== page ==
Brief History of the Fiesta de San Fermín
The History of the Fiesta de San Fermín dates all the way back to the Middle Ages and originates from three different celebrations – the 12th century religious ceremonies which were held in honor of San Fermín, 14th century ancient trade fairs and 14th century bullfighting festivals.
To begin with, the Fiesta de San Fermín was celebrated on October 10th, but in 1591 it was moved to July to coincide with the warmer, drier weather. Initially, the festival only lasted two days and was made up of an opening speech, music concert, tournament, theatre performance and bullfights.
In the 17th and 18th centuries, religious events became part of the line-up of attractions, alongside more music concerts and tournaments, dancing, acrobatic performances and giant parades. Texts from the time go into detail about how the clergy displayed incredible concern about the excessive drinking and unruly behavior of the young locals.
The 19th century saw the addition of unusual fairground attractions, such as women being fired out of cannons, wax models and exotic animals. The giant parades were also improved with bigger, better and more outlandish carnival heads. Several tragedies also occurred during this century when the lack of secure fencing meant that the bulls escaped into the streets on several occasions and ran loose throughout the city.
The Fiesta de San Fermín reached its peak of popularity in the 20th century, thanks to the novel written by Ernest Hemingway in 1926. Entitled “The Sun Also Rises”, this book attracted visitors from all over the world, eager to experience the festival for themselves. The 20th century also saw the addition of several new events to the program, such as the now-infamous Txupinazo opening ceremony.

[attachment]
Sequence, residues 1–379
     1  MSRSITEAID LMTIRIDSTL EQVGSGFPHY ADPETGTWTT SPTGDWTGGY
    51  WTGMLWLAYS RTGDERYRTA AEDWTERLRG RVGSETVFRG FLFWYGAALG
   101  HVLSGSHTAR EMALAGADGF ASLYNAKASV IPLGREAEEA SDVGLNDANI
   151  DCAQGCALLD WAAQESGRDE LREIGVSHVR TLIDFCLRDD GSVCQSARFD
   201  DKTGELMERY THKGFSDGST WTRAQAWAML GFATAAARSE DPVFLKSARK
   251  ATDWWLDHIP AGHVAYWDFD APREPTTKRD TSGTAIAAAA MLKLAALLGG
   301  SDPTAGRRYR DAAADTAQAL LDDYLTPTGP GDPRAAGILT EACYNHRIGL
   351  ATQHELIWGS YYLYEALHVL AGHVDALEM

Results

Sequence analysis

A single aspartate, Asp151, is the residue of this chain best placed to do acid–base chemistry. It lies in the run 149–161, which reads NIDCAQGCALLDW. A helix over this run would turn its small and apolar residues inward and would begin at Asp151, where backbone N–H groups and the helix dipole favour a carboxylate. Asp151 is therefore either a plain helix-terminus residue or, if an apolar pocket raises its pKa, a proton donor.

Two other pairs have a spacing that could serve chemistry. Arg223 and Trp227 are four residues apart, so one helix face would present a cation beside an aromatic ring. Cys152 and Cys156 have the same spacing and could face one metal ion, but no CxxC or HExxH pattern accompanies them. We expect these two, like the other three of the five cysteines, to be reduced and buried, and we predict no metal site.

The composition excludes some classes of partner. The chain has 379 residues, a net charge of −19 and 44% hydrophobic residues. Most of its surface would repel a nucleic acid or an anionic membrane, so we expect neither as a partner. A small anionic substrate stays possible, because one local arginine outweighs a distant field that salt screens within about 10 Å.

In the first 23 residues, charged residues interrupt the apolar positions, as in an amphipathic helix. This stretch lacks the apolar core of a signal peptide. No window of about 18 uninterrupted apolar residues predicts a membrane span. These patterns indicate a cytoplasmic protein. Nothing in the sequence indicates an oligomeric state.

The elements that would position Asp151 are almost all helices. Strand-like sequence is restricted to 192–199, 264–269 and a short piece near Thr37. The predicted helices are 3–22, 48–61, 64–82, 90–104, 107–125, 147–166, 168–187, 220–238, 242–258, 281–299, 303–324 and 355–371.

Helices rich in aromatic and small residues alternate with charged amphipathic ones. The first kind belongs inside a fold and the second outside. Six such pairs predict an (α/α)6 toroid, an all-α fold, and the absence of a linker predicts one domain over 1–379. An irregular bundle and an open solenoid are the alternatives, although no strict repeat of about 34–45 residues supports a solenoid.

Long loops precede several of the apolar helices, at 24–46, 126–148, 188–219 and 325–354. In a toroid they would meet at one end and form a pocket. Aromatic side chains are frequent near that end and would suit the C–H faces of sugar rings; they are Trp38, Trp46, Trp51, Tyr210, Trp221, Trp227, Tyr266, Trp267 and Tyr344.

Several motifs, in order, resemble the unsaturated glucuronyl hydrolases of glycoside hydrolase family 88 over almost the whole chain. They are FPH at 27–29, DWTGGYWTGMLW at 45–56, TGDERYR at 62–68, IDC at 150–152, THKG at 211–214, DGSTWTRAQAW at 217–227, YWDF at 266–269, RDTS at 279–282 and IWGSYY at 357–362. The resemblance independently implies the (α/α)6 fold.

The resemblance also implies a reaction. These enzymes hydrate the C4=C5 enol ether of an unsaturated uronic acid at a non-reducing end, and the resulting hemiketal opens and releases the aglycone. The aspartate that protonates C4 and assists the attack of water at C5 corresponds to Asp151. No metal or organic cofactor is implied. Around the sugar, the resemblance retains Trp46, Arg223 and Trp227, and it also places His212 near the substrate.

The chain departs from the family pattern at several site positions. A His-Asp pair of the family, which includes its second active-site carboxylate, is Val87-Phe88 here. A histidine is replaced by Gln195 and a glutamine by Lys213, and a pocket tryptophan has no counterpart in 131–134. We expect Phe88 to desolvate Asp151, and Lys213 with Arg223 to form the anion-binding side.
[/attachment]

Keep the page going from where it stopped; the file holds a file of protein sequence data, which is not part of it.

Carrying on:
Brief History of the Bull-Runs
“Locos” which loosely translates into “crazy people” have been known to run with the bulls throughout the streets of Pamplona since the early 14th century. This tradition began with the cattle herders who were forced to take part in this activity in order to move the bulls from their pens to the markets.
Throw in some male bravado and a bit of melodrama and the necessary runs transformed into a competition in which herders would attempt to outrun the raging bulls, all the while doing as many daring acts and stunts along the way as possible. The first official bull-run occurred on July 7th in 1591 and the bizarre tradition has continued to this day.
The Fiesta de San Fermín takes place each year in between July 6th and July 15th in Pamplona, the capital of Navarre in Spain. Not for the mild-mannered traveler looking for a quiet and laid-back experience, this festival is ten solid days of adrenaline-pumping activities, lively entertainment, non-stop partying and free-flowing alcohol.
Everything kicks off with the firing of the Txupinazo rocket on the start of the first day which is accompanied by the sound of champagne corks popping and red wine being downed by the bottle. The following days are an intoxicating blend of partying, with daily bull-runs, giant parades, bullfights, firework displays and an almost never-ending number of fiestas.